Tran says that [Android] phones made from the BCM2157 chipset will retail for under $100 and may dip as low as $75. Those devices should debut in just 3-6 months (and we might hear about them next month at CES).
That means that popular pre-paid Android devices that currently can be found as low as $180 will drop by half in the next half year.
Apple’s low-end strategy so far has been to offer the last year’s model for $99 with a two year contract. That contract is at least worth $350 (AT&T’s ETF) which puts old retail iPhones at $450. Buying an iPhone 4 off contract costs $650.
What’s more important is that with Apple’s AT&T agreement, you have exactly one data plan option in the US (soon to grow). Even with Verizon and maybe even Sprint and T-Mobile, there isn’t going to be a $25/month data plan for the iPhone anytime soon. For the budget conscious, Android is the only smartphone game in town.
So how does Apple respond?
Does Apple build an iPhone based on one of these cheap chipsets? “The iPhone mini” rumor has been around for years. But I don’t see Apple joining up with this low margin game any time soon.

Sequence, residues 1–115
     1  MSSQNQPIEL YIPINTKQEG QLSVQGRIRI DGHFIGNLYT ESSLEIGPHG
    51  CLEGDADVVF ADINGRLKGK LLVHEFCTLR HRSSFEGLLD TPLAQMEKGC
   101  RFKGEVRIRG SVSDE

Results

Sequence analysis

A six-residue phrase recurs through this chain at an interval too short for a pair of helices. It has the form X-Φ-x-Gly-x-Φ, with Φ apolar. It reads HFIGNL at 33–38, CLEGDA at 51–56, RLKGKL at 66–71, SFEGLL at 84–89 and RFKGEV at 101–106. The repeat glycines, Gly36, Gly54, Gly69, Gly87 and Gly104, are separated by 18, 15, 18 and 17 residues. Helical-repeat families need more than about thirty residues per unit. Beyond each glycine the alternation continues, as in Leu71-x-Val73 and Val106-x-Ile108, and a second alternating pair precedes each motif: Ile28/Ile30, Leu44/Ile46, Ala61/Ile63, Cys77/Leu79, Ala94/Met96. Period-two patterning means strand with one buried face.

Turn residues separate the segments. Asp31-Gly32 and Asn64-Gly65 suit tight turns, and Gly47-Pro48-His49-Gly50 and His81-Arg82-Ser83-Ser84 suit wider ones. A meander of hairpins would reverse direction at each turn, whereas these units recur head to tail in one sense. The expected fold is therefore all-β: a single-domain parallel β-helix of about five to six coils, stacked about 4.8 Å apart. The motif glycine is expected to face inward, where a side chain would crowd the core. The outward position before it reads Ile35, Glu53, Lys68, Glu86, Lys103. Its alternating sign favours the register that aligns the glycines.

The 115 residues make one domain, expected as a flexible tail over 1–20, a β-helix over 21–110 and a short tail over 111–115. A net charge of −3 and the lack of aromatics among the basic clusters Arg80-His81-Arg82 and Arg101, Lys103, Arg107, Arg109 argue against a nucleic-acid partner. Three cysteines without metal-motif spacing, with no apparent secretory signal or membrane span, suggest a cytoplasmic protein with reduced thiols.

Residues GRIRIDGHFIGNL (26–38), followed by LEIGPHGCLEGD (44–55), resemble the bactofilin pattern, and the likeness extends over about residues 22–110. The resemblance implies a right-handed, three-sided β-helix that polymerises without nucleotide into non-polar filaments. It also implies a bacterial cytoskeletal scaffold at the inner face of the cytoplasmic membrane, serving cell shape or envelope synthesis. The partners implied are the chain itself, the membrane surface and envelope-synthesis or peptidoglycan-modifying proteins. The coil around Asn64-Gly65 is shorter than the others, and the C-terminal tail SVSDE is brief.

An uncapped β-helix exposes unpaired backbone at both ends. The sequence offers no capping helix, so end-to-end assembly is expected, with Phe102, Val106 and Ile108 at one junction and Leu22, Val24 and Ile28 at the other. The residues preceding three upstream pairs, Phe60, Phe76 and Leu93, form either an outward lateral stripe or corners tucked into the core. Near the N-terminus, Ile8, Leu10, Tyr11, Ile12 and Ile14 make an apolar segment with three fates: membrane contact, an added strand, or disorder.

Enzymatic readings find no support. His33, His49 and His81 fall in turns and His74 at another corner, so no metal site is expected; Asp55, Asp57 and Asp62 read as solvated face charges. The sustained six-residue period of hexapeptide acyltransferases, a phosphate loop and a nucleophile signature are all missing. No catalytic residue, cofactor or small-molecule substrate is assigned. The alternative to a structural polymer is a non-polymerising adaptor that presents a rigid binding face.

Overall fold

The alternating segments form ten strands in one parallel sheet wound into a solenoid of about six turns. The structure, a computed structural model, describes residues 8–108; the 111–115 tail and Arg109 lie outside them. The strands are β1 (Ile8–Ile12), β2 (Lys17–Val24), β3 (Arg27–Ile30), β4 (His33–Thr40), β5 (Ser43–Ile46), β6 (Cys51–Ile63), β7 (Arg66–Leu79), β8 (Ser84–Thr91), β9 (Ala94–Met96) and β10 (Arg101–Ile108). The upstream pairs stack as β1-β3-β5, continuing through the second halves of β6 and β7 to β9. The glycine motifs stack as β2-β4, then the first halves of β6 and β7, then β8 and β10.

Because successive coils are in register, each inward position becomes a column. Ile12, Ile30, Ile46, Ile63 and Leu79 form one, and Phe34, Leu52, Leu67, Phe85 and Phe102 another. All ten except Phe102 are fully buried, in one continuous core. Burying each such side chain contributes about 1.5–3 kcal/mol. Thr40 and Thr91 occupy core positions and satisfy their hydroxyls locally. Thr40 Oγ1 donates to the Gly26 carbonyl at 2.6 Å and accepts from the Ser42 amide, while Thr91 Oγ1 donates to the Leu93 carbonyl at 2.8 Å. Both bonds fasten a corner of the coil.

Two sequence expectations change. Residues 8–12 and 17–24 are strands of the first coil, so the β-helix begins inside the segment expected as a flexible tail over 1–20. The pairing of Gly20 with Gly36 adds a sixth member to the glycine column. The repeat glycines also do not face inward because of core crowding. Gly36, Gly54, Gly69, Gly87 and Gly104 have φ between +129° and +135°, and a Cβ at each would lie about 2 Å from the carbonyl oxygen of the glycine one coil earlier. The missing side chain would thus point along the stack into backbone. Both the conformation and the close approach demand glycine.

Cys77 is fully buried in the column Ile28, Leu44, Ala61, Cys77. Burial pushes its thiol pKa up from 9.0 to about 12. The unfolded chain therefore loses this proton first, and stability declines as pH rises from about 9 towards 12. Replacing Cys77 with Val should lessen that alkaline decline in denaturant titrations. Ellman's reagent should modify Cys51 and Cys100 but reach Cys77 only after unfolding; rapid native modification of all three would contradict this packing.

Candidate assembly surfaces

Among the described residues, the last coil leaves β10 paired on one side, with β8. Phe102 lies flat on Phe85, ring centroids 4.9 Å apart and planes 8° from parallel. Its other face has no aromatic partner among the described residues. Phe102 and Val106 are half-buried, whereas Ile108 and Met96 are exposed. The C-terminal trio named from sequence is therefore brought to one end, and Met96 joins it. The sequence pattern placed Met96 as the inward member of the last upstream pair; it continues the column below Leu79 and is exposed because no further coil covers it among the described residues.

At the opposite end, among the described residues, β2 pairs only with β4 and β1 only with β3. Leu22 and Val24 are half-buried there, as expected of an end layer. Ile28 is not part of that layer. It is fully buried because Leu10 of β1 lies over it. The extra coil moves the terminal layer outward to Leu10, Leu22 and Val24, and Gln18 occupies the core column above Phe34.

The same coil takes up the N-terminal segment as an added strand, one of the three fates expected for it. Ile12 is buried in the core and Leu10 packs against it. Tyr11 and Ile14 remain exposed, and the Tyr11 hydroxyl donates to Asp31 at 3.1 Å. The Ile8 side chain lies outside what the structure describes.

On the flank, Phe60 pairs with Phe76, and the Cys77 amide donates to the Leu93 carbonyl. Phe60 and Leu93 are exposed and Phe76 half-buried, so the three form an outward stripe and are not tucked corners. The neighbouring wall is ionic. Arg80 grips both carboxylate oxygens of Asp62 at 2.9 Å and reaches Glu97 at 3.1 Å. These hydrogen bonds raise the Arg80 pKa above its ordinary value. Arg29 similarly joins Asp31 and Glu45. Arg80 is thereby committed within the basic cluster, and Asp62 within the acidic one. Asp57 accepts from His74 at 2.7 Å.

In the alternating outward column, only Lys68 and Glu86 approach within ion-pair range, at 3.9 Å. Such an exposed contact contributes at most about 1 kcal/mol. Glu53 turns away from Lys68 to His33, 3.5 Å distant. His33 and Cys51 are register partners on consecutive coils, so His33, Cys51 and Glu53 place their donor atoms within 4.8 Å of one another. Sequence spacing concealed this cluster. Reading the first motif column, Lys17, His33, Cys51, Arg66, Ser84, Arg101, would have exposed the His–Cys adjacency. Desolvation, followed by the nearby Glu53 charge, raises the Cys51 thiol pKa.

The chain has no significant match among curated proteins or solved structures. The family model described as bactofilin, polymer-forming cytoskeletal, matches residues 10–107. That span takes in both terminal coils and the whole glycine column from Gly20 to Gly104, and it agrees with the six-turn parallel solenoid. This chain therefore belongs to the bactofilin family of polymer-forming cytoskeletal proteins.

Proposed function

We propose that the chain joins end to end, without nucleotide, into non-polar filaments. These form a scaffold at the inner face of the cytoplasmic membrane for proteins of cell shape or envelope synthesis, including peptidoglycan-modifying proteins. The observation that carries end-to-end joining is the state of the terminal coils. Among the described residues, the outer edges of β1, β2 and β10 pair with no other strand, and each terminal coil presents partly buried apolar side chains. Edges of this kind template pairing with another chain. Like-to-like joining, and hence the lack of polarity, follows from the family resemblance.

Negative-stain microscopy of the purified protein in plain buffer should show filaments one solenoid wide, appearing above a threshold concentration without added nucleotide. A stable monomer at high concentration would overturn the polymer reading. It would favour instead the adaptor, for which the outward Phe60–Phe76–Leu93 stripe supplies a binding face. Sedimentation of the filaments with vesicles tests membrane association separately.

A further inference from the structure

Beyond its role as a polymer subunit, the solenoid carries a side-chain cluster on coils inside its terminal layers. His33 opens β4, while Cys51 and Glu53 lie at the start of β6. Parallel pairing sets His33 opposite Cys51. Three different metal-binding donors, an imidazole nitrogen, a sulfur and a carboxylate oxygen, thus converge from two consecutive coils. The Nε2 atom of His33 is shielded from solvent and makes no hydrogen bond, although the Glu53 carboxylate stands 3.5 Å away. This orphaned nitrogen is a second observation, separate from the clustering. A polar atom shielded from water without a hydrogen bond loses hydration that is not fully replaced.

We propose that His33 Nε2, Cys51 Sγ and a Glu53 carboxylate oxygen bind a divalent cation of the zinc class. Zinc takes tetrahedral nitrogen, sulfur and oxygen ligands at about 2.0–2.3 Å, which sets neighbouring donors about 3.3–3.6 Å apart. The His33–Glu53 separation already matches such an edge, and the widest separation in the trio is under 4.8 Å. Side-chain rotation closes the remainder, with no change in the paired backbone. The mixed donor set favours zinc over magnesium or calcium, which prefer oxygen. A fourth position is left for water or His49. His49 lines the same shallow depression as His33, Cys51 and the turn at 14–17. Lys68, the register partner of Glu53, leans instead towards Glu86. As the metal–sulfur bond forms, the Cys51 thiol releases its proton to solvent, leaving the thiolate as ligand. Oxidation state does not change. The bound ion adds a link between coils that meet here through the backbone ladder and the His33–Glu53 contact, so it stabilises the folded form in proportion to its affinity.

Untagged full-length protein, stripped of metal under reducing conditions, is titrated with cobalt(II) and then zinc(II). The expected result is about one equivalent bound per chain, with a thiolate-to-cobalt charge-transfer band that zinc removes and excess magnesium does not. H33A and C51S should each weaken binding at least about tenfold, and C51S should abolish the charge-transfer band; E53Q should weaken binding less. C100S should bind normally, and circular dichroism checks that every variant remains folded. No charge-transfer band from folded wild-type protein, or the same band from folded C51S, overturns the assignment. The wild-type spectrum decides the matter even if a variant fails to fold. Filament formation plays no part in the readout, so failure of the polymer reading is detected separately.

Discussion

MG Siegler at TechCrunch says:
And so the only way for the iPhone to “beat” Android would be for Apple to either open iOS up in the same way that Android is, or to create a huge variety of iPhones spread across the spectrum in terms of features and price. Neither of those things is going to happen.
So it goes. Clearly Apple can’t play this game, nor do they have any interest in serving the budget-minded sector. Can you imagine an iPhone manufactured for even $200? Seems impossible to me, at least in the next few years.
It’s painful to repeat, but yes this does bear some resemblance to the Mac/PC wars, except I’d note that the huge difference between the current Mac vs. PC landscape vs. the one that Steve Jobs inherited in 1997.
In 1997, Apple was a few months from bankruptcy. There was a question of the relevancy of the Mac. Luckily, Jony Ive’s iMac, Steve Jobs’ salesmanship and leadership and the platform agnostic Internet came to the rescue.
Now there is a lively Mac development community, sales numbers have outpaced the greater PC market for years and no one is questioning whether the Mac is still a viable platform. Apple practically prints money with its Mac line.
I think if we are just talking about numbers, Android phones will outnumber iPhone. In fact, it is pretty apparent they already do. There might one day even be more apps available for Android than iOS. But the iPhone is still the better experience and has a big, passionate following. Apple is also evolving the iOS to new forms including the AppleTV and iPad.
I expect to see a wearable computer from Apple in the next two years which might change the game again.
But in the meantime, how does Apple respond?
Android will indeed explode and that’s ok, Apple will be fine.